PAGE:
How Do I Prepare for MMI Medical School Interviews
Success at interviews involves adequate preparation and utilization of resources. Moreover, your self-confidence will indirectly affect how you perform at interviews. Being adequality prepared for the interview will dispel some uncertainty you may feel about questions which will be asked and how to effectively answer them. The aim of interview preparation, regardless of the nature of the interview is universal. Your aiming to become comfortable talking about yourself ( attitudes and motivations) and expressing your ideas.
Where to start?
As soon as you receive an invitation for the interview you should begin planning your revision schedule. Effective preparation is integral to successful outcomes.
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Preparing to prepare
Before you begin your interview preparation it can be useful to know how the MMI process works at the Medical School you will be attending and what the Medical school are looking for in candidates. Most medical schools will provide candidates with lists of qualities they are looking for in their applicants. They may also advise you on MMI specific information such as the number and duration of stations and the nature of stations e.g. is it question, scenario or role play based? Being fully informed about what the MMI entails allows you to adapt your preparations to the university accordingly. If you have not explicitly received information about the interview from your university, make sure you check out their prospectus or website. Do not rely on what other people are saying on forums etc. this information may be outdated or incorrect for you given your circumstances. The medical school may host a live session where they explore preparation for their interview and signpost you to useful resources. These sessions can be really insightful, if you do miss the session check with the university whether it was recorded or if you can access the information they shared.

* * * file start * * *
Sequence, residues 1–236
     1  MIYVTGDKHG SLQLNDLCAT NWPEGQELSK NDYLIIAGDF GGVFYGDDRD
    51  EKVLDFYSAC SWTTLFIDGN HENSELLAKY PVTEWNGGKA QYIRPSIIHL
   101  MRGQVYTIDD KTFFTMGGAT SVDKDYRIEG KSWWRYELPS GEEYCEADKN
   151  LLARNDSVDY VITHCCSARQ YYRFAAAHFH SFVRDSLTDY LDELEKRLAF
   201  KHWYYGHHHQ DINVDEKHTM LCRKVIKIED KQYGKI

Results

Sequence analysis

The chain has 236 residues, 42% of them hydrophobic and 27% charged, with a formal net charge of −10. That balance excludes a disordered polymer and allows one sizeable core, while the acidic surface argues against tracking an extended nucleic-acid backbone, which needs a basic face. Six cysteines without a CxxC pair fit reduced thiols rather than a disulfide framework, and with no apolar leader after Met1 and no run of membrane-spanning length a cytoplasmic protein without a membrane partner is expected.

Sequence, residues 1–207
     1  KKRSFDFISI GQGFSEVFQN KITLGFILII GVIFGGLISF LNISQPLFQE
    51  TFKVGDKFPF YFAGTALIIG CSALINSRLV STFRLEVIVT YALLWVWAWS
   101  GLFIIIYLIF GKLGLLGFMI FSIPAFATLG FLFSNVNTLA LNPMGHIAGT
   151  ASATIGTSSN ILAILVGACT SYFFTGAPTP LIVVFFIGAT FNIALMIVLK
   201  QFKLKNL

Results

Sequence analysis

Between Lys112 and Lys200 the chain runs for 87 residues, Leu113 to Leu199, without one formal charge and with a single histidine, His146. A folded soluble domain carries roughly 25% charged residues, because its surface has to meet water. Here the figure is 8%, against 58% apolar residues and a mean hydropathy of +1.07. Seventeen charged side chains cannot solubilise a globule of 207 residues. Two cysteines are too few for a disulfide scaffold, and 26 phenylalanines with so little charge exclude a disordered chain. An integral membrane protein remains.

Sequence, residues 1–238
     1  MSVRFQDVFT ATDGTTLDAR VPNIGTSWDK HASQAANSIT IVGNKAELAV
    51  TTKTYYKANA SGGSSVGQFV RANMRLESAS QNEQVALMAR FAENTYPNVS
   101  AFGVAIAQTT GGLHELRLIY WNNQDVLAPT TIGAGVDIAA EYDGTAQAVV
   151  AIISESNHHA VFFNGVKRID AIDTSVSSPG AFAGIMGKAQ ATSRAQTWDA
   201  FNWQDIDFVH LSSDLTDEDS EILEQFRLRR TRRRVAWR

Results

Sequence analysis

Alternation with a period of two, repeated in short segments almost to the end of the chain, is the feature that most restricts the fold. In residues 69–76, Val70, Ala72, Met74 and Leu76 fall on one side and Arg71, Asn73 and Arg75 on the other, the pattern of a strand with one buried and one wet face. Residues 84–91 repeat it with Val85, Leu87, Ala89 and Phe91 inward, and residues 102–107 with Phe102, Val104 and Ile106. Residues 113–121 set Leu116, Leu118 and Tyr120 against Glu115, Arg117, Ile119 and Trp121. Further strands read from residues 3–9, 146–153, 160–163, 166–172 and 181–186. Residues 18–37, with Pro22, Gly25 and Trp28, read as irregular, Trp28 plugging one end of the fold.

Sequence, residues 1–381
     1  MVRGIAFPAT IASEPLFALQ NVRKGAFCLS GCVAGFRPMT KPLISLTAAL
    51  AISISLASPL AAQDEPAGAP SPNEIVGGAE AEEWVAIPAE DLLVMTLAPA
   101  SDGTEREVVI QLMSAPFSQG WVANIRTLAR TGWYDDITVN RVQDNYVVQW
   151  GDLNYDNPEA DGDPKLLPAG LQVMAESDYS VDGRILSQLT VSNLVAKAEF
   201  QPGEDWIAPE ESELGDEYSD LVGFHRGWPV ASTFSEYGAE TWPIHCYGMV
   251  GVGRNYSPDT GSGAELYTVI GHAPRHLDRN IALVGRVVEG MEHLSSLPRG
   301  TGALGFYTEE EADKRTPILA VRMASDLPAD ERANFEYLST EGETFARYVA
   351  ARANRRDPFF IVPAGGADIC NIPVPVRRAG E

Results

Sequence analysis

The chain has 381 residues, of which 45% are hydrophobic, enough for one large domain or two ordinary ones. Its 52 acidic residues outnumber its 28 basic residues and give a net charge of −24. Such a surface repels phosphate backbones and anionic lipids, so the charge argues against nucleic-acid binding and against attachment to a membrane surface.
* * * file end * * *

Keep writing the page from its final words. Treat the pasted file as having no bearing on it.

In order to fulfil your potential during the interview your preparation should be insightful. There are likely to be certain types of questions you find more difficult, practice these and research some top tips for how to approach these questions. As part of your preparation, you may come across questions which particularly phase you, note these down and ensure you consider what key points you could make.
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Admissions tutors do not want to hear pre-rehearsed or generic answers. Within your answers you want to demonstrate your values and attributes which make you suitable for medicine. Most questions may give you the opportunity to talk about an experience you have witnessed or been a part of. Aim not only to describe what you did but to reflect, exploring and explaining the event. Use analytical analyse to think about Why you did what you did. Answers which include active reflections allow you to showcase your self-awareness, vital for developing an excellent emotional intelligence. Ask yourself the following three questions:
- Why has your experience made you want to do medicine?
- Through you experience, what have you learnt about the healthcare system or a career in medicine?
- What skills/ attributes have you developed. How will these facilitate you to become an outstanding medical student and future physician?
What you should learn
Applicants are expected to show an interest in the career of medicine displaying an awareness of medical hot topics, issues and events. Using websites such as BBC Health can help you to stay up to date with what is happening in the medical community. Ensure you read about bioethics, new research and technologies, policies etc. use this information to create informed opinions on these topics.
Preparing with others
As with any form of learning/ studying there are several different preparation strategies that applicants adopt. This may include creating flashcards on commonly asked questions or recording and listening back to your answers. It can be useful to mimic the interview conditions as part of your preparation. Sharing your ideas with other people can feel much more daunting than speaking them alone. It is important you learn how to calm your nerves. It is natural to completely freeze or excessively talk as a symptom of nervousness but being aware of this as a flaw is important. You may not realise the impact that the interviewers’ non-verbal cues and body language has on your confidence and performance. Have you considered your own non-verbal communication skills, maintain eye contact and use open body language Preparing for an interview with someone else will help you to deal with uncertainty as the ask questions you perhaps didn’t expect?
Last minute preparation
The night before your interview it may be useful to re-read through any notes you have made and practising speaking your answers. We strongly advise you avoid cramming ad learning new material. You are likely to have already learned everything you would feel confident talking about, don’t confuse or stress yourself out.